What is the government doing with €47m?

The surplus is collected from vehicle taxation

By Alfred A. Farrugia

According to the draft financial estimates 2020, the government is estimating the collection of 142.1 million euro in vehicle taxation – 2.1 million euro from driving licences, 55 million euro in motor vehicle registration tax, and 85 million euro in annual circulation licence fees (tax).

In 2020, the government is estimating an increase of 6 million euro in annual circulation licence fees (tax) over the amount collected this year, 2019!

According to the same draft financial estimates, the government is estimating a capital
expenditure of 95 million euro – 85 million euro on the construction of roads and 10 million euro in maintenance work.

This means that the government is collecting 47.1 million more in vehicle taxation than it is
spending on road construction and road improvements!

It is not surprising that vehicle taxation in Malta as a percentage of total taxation is the highest in the EU!

This also explains how the government is making a surplus – a surplus on the back of car owners and drivers! What is the government going to do with the 47.1 million euro extra that it is collecting from vehicle taxation?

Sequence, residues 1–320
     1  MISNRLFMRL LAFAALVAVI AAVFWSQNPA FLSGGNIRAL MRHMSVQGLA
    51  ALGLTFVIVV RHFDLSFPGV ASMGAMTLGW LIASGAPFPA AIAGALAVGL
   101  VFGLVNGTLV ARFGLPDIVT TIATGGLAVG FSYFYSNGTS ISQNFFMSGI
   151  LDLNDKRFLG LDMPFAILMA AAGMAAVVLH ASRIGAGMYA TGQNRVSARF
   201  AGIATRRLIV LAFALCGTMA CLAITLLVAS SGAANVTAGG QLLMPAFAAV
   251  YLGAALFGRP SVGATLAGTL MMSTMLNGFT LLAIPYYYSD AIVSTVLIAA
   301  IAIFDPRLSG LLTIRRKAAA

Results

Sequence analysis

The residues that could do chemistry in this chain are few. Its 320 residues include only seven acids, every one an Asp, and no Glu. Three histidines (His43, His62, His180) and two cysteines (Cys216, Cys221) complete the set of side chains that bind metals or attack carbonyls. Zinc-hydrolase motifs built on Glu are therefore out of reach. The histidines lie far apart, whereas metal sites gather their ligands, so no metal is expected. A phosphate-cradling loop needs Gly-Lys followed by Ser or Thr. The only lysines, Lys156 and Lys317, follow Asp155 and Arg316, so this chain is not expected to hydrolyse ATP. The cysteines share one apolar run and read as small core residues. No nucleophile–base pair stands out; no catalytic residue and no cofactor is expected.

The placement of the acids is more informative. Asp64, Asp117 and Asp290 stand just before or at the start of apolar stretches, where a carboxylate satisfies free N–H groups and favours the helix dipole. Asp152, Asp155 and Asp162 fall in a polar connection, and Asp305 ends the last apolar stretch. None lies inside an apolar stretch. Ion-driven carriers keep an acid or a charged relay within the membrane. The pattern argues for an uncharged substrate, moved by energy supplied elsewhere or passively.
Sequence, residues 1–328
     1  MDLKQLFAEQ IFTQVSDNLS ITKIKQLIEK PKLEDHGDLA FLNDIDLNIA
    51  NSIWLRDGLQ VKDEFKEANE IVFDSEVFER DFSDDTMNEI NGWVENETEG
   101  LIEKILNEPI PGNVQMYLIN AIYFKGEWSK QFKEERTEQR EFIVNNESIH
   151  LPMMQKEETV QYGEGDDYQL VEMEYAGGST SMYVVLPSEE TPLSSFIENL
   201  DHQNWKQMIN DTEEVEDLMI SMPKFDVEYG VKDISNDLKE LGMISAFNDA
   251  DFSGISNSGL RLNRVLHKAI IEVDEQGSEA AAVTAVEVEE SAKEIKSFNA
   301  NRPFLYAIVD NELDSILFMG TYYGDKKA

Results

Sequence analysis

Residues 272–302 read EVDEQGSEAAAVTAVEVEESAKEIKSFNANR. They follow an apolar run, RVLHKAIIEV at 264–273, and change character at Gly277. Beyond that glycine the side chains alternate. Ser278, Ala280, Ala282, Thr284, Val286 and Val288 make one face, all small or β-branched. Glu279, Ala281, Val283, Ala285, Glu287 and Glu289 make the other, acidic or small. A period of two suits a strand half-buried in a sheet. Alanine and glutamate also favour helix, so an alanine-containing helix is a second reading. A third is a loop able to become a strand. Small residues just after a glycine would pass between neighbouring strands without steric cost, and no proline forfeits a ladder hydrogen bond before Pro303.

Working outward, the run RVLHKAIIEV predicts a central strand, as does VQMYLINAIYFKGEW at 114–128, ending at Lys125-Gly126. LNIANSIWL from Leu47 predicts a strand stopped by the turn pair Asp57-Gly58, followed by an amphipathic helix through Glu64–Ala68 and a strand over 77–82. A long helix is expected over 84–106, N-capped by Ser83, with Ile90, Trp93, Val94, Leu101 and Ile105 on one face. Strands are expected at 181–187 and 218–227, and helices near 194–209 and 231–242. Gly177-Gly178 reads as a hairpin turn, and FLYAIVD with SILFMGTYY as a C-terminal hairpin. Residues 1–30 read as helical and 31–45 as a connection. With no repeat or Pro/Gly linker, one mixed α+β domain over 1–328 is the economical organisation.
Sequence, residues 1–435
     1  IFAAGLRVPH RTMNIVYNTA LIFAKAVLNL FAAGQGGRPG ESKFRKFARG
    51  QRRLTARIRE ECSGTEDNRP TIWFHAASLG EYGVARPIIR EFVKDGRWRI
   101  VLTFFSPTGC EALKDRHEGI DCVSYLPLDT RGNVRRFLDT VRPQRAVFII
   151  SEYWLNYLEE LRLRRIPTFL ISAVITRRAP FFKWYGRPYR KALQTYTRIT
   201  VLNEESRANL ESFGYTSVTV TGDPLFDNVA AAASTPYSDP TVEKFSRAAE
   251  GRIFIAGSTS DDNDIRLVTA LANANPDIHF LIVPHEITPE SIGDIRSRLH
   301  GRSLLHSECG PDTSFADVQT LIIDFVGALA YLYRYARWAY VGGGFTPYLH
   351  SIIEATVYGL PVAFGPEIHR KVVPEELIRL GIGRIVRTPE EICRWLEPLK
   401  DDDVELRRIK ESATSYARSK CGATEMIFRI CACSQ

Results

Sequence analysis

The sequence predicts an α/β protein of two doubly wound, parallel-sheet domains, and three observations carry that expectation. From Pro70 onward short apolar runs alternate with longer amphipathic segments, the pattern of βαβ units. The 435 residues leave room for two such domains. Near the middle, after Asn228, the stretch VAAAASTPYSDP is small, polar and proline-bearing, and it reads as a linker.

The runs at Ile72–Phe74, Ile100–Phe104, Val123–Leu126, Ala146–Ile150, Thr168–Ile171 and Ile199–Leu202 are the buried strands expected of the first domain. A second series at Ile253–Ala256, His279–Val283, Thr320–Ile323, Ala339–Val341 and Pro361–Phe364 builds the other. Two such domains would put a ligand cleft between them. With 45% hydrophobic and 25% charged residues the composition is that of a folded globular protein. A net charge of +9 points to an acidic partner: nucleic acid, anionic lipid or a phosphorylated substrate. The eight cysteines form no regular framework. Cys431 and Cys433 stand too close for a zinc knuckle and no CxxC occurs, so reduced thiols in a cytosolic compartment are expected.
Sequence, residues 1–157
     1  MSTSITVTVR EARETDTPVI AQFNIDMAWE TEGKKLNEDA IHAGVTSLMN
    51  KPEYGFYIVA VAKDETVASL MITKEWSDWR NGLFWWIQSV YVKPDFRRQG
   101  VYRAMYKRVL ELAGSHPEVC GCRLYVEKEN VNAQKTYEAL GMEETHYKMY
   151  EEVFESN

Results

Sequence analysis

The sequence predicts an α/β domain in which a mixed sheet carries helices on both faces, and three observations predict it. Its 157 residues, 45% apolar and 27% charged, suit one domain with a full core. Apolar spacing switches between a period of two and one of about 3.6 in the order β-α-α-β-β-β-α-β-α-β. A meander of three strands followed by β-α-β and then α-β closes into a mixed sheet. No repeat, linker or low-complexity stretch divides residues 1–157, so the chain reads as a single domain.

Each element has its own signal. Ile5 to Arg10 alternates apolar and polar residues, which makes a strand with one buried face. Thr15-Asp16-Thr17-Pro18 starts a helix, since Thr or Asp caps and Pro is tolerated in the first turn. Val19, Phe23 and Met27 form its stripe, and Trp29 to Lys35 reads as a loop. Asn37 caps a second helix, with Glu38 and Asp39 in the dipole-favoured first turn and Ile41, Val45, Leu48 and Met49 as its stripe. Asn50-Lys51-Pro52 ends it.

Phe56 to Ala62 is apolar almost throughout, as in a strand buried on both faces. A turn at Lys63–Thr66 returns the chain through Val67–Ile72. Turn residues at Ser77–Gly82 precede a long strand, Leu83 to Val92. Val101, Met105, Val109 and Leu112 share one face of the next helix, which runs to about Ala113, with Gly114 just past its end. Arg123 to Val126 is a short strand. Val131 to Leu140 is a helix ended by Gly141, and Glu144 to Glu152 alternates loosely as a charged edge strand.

This year, 2019, the government collected 136 million euro in vehicle taxation – 2 million euro in driving licences, 55 million euro in motor vehicle registration tax, and 79 million euro in annual circulation licence fees (tax).

The estimated capital expenditure for the current year, 2019, in road construction and
improvements is 81.2 million euro.

In other words, the government is collecting another extra 54.8 million euro in 2019! Of course, the government is making a surplus – a surplus from the tax burden paid by car owners and drivers.

In these two years alone, the government is collecting more than 101 million euro from drivers and car owners, including those over 75 years of age.

It is time that car owners and drivers wake up and bring this government to its senses. It is true that this government is spending more on road construction than previous administrations, but vehicle taxation in Malta is still too high when compared to other EU citizens.

It is time for vehicle taxation in Malta to be reduced. There is no reason why car owners and drivers are targeted disproportionately – their tax burden needs to go down!